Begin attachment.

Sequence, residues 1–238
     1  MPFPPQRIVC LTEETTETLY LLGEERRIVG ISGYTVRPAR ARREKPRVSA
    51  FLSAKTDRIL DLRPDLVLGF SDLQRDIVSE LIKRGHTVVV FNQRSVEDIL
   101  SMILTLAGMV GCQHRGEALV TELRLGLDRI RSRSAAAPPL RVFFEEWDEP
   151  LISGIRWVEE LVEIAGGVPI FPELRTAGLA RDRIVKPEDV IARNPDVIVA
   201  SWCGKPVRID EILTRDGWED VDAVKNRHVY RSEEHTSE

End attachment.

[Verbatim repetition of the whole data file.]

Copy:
Sequence, residues 1–238
     1  MPFPPQRIVC LTEETTETLY LLGEERRIVG ISGYTVRPAR ARREKPRVSA
    51  FLSAKTDRIL DLRPDLVLGF SDLQRDIVSE LIKRGHTVVV FNQRSVEDIL
   101  SMILTLAGMV GCQHRGEALV TELRLGLDRI RSRSAAAPPL RVFFEEWDEP
   151  LISGIRWVEE LVEIAGGVPI FPELRTAGLA RDRIVKPEDV IARNPDVIVA
   201  SWCGKPVRID EILTRDGWED VDAVKNRHVY RSEEHTSE